There has been much gnashing of teeth over the fact that television producers have begun to desert the sitcom form and retreat into the comfortable world of reality programming, with its low overhead and even lower expectations. There's no question that if you make stupidity your scriptwriter and greed your casting director, you can draw a lot of viewers for very little money. But, as the long life of a grown-up show like Frasier attests, nuanced characters and well-crafted scripts can sometimes pull off the same trick—a thought I hope at least a few network execs can hold on to through the length of their next pitch meeting.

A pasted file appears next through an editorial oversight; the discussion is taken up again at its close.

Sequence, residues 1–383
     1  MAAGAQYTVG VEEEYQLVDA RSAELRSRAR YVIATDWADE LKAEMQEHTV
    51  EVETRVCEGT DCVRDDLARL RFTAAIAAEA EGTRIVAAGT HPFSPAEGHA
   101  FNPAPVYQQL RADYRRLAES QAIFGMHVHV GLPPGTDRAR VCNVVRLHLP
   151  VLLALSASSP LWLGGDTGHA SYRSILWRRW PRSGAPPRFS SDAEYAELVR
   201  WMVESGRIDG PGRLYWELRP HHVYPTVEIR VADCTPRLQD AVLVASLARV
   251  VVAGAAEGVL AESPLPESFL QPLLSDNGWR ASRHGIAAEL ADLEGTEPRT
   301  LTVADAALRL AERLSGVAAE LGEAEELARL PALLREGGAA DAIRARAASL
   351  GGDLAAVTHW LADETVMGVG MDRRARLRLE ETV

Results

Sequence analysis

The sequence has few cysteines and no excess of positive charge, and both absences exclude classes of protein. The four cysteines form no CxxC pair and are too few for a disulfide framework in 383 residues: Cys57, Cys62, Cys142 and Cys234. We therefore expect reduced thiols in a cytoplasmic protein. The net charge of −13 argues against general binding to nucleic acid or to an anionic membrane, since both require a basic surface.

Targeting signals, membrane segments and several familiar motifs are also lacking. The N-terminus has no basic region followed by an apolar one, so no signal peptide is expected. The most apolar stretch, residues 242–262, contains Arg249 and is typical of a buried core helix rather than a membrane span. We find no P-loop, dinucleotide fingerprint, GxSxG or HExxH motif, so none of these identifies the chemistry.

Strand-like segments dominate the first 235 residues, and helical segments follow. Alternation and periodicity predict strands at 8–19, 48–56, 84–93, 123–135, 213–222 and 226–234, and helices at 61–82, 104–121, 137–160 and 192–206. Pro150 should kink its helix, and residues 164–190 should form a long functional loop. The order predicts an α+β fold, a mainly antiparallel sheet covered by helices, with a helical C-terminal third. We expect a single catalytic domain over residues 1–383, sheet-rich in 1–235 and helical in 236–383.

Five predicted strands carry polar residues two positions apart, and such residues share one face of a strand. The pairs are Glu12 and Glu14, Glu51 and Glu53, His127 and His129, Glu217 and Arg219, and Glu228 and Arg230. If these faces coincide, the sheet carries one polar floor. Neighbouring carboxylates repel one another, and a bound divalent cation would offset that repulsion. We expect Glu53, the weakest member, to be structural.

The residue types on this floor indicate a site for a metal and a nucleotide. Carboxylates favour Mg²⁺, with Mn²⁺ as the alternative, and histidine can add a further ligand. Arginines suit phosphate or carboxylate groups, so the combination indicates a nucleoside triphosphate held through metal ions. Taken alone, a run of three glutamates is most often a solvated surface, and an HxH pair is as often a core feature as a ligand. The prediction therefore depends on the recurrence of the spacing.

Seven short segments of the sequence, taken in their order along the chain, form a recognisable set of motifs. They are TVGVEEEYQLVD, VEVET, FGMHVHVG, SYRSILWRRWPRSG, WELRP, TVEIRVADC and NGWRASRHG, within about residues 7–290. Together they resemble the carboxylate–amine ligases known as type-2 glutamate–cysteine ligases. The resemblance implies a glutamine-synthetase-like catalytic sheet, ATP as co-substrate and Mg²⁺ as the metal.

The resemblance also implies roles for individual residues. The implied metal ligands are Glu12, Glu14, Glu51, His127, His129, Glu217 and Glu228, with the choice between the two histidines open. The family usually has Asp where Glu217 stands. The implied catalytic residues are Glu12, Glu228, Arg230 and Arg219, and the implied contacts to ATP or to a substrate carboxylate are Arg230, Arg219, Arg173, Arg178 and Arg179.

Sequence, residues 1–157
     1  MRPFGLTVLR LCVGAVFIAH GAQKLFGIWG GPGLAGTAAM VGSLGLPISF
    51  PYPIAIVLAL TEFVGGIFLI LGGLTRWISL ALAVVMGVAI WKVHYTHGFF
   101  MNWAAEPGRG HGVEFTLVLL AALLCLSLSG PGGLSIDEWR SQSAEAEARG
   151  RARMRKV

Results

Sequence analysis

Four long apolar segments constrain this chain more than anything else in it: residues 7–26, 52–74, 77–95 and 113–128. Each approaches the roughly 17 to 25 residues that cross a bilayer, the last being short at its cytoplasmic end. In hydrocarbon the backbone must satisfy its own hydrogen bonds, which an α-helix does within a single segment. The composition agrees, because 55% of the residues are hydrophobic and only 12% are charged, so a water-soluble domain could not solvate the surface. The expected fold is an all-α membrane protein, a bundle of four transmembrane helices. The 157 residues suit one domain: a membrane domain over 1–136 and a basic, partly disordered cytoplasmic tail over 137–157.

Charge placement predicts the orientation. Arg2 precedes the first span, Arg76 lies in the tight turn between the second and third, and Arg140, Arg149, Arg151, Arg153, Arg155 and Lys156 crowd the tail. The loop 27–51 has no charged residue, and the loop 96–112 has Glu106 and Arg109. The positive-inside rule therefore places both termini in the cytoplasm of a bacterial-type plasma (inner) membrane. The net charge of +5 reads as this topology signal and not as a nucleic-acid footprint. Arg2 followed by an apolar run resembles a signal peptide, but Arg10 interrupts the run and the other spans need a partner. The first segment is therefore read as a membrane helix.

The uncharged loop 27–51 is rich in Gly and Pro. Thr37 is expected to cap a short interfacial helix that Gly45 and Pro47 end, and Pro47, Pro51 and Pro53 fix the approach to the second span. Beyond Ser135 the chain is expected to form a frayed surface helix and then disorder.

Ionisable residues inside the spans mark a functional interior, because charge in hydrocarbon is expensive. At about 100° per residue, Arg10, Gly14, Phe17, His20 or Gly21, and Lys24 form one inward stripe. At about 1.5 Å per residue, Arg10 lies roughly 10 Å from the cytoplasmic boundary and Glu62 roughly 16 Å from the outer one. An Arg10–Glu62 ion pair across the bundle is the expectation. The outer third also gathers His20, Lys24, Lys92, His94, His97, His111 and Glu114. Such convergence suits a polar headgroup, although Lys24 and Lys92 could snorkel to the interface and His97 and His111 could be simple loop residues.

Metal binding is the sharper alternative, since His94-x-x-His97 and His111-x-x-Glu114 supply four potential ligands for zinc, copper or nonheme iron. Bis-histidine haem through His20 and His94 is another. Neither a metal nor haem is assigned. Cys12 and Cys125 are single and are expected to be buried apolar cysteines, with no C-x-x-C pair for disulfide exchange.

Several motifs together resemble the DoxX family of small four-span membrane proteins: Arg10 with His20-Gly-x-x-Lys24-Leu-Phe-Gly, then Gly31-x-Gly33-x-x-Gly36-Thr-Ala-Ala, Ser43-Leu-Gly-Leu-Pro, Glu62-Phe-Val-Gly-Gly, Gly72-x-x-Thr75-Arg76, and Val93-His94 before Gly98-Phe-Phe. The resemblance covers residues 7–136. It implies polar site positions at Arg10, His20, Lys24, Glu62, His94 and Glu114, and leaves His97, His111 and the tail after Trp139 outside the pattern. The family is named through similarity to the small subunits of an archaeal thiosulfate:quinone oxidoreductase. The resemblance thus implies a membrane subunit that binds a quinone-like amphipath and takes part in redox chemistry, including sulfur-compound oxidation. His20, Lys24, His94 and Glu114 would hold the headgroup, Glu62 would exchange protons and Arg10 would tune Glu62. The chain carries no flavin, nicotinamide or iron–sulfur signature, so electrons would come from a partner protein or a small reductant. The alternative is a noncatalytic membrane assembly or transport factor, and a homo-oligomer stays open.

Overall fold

Tomorrow night, Frasier leaves the building for the last time, and there's no spoiler I could leak here that you couldn't figure out for yourself. Babies will be born, vows exchanged, and life decisions made, and you know there's bound to be at least one embarrassing group hug. Still, I'll be there with a pocket hanky—and I won't be using it to dust off my chair.